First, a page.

Hummus – Struggling for a New Standard of Identity?
Rade Law LLC

According to a HuffPost Taste post last year, there are at least 21 ways to make a better hummus, and a chickpea has not been waived past many of them. However, relying on our federal government for only the most vital and fundamental services, Sabra Dipping Co. (Sabra) has filed a Citizen Petition with the Food and Drug Administration (FDA) to establish a new standard of identity for hummus. Sabra clearly believes and asserts that the public needs protection from eating hummus that doesn’t have enough chickpeas, or tahini, for that matter. According to Sabra, it doesn’t matter whether you like the taste, or if it is perfectly healthy for you without any contamination, or you can read all the information on the food label that the FDA already requires, the federal government needs to step in and ensure that you get sufficient chickpeas in your dip with new federal regulations.

Sabra is a joint venture wholly owned in equal shares by two independent, global food companies – no less than the United States-based PepsiCo and the Strauss Group, headquartered in Israel.  Sabra proposes the FDA establish a new “standard of identify” for hummus in Title 21 of the Code of Federal Regulations. Sabra kindly drafted the regulation and provided it in the Citizen’s Petition. Suffice it to say that the essential ingredients must be cooked, dehydrated, or dried chickpeas with tahini in proportions that meet Sabra’s recipes.

It’s OK, according to the Sabra Citizen Petition, for the product to include many other components, such as nutritive carbohydrate sweeteners, natural flavorings, processing aids (such as sodium bicarbonate anti-foam agents), texturizers, buffering agents, chickpea flour, components or isolates. Yum.  None of these components would likely be found in the original hummus of Middle-Eastern cuisine.

Sabra asserts that there are several benefits for putting into place the proposed food standard for hummus. It would promote honesty and fair dealing in the marketplace, they say. To support this, the petition refers to the market for “industrial hummus” having expanded from $100 million in the early 2000’s to over $315 million in 2009, and the market for hummus sales having increased 92% through 2013. During that time, competitors have sprouted who have been substituting black beans, lentils, white beans or edamame for the chickpeas, and some of them don’t even include tahini as an ingredient – they may list yogurt or vegetables instead.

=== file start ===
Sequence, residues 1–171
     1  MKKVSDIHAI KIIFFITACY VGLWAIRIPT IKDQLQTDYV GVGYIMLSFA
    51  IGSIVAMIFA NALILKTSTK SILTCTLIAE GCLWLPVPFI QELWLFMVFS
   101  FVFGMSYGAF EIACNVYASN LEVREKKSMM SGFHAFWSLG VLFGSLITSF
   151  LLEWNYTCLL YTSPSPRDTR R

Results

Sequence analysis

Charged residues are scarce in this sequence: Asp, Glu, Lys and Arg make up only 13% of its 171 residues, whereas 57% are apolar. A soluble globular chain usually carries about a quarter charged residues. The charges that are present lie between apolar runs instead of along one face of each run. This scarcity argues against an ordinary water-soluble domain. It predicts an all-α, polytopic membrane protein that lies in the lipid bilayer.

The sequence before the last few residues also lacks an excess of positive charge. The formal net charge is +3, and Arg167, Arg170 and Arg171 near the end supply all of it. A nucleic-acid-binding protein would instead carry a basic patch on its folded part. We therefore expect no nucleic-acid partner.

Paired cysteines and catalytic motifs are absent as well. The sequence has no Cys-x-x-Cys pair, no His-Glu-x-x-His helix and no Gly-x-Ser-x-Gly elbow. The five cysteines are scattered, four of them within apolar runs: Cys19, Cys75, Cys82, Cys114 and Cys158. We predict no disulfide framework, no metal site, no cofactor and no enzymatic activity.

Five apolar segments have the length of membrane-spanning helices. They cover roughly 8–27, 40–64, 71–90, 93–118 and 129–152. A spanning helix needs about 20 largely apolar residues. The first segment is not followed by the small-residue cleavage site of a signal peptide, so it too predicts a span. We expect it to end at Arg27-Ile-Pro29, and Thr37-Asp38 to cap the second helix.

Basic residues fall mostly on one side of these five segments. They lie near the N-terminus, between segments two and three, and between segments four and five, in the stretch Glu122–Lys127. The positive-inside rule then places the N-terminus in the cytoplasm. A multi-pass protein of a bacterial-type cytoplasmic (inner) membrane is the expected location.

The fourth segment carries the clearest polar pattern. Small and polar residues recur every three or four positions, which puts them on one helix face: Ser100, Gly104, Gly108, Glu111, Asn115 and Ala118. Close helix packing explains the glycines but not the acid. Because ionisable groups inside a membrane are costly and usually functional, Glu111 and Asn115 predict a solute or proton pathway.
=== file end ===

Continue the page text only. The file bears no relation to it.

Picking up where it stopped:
Sabra believes the proposed food standard would “preserve the basic nature and essential characteristics of food.” They compare marketing hummus made from legumes other than chickpeas as “akin to the marketing of guacamole made with fruit other than avocados.”  Would guacamole sell if it were made with potatoes?  Would the FDA need to step in if a product was accurately marked “Potato Guacamole”?  Sabra’s assertions raise a question that may well be asked too late.  Has the word “hummus” already taken on a different meaning in English to mean a paste dip made of ground chickpeas, legumes, beets and anything else that is ground up to achieve the “semi-solid food texture” specified in the Sabra proposed regulation? As we know, the definitions for words evolve over time. Is it too late in the US to turn back to the standard definition of the Middle East?